• Wed. Dec 8th, 2021

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Inspector Who Said Florida Tower Appeared in ‘Good Shape’ Is Now Under Scrutiny

On Thursday, Surfside officials hand-delivered letters to property owners notifying them that all ocean-front buildings more than 30 years old and taller than three stories should hire engineers to begin the 40-year building recertifications required by law — effectively starting the process 10 years early. The city is also asking property owners to hire registered geotechnical engineers to analyze foundations and subsurface soils.

Mr. Prieto spent five years as a building inspector at nearby Miami Beach, where city officials agreed to pay him $80,000 a year — more than 50 percent above the advertised salary — because he held a variety of important licenses, including one in roofing. City officials who hired him noted that a background check revealed financial problems, including a bankruptcy in 2002, his personnel file shows.

There is no indication that these issues were related to his competence as a building inspector, but they are generally considered potential red flags during pre-employment background checks.

At one point, Mr. Prieto owned his own development company and was involved in several real estate development ventures. Court records show that while employed at Miami Beach, in 2012, Mr. Prieto filed for bankruptcy again, this time telling the court he had accumulated $1.7 million in debt. He said he was losing one of the three properties he owned to foreclosure.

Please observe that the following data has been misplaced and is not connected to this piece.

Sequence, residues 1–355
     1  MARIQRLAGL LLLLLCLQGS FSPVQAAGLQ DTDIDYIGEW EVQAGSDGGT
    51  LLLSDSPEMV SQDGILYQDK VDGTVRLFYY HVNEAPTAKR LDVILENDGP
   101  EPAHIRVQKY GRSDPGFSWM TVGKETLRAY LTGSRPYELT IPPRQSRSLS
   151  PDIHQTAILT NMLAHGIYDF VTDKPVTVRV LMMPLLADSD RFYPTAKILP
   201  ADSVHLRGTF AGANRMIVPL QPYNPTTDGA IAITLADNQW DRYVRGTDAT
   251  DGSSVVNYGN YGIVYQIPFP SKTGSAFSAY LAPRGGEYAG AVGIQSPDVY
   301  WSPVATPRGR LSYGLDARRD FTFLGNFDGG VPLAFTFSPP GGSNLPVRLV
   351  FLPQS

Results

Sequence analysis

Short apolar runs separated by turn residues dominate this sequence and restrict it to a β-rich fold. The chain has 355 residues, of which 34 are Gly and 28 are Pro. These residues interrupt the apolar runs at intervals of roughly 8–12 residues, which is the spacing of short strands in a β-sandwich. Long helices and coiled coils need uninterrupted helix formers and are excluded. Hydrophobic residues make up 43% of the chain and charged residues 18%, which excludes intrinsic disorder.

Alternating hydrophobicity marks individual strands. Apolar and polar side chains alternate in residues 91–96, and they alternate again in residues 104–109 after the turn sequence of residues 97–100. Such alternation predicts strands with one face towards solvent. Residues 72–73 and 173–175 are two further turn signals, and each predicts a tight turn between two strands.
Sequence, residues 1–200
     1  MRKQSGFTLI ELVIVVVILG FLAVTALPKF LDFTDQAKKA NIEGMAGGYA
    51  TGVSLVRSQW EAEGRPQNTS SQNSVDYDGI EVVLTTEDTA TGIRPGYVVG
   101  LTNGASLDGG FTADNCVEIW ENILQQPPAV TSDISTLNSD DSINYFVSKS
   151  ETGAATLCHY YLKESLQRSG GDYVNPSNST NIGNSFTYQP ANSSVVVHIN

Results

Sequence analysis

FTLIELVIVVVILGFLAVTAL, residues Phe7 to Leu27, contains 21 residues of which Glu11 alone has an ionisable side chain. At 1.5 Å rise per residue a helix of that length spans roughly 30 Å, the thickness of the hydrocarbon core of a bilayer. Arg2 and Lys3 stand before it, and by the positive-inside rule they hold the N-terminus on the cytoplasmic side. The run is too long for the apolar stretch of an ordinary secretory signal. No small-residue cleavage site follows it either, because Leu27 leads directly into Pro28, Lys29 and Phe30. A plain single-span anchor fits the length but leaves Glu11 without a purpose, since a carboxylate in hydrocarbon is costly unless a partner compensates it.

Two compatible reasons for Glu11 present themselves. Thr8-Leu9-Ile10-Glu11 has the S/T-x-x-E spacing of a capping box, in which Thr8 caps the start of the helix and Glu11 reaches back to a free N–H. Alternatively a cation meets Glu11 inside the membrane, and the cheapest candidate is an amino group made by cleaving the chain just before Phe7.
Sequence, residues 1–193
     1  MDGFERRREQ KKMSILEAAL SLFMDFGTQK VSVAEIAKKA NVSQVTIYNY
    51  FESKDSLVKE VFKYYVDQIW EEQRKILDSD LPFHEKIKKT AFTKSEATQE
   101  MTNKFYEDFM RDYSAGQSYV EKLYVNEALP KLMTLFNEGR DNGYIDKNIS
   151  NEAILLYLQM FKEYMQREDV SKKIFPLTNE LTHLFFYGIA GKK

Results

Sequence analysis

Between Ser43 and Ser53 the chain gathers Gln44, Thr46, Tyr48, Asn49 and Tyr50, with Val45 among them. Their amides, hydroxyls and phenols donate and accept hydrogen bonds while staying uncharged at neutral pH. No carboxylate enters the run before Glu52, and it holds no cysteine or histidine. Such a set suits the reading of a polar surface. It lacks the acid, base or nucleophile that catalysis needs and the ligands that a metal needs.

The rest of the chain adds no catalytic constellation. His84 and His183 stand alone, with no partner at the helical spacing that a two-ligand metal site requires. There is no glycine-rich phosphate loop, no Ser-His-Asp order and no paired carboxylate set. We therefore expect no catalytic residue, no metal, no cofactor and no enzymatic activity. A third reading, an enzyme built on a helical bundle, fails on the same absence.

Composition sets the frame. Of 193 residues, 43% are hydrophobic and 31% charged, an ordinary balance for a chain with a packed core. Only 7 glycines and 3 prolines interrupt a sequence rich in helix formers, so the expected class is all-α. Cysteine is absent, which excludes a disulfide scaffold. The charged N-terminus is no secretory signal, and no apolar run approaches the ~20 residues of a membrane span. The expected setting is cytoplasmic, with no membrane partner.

A few years into his tenure in Miami Beach, his bosses complained that he was frequently late, had missed more than 20 days of work one year, and often could not be located, according to emails in his personnel file. The record shows Mr. Prieto said he failed to call in sick on time because he had trouble with his sinuses. His bosses expressed concern that he frequently did not answer his phone when they were trying to reach him.

He was suspended after twice calling in sick several hours after his shift had already begun.

Surfside hired him in 2013, paying him $110,000 a year to be its chief building official.

“I wasn’t made aware of a problem. On the contrary, there were people that would tell me how happy they were with Mr. Prieto,” Charles W. Burkett, the mayor of Surfside, said, stressing that he joined the city after Mr. Prieto was hired. “You can go back over the commission meetings, and as I recall, people were praising him for his responsiveness and his demeanor and his helpfulness.”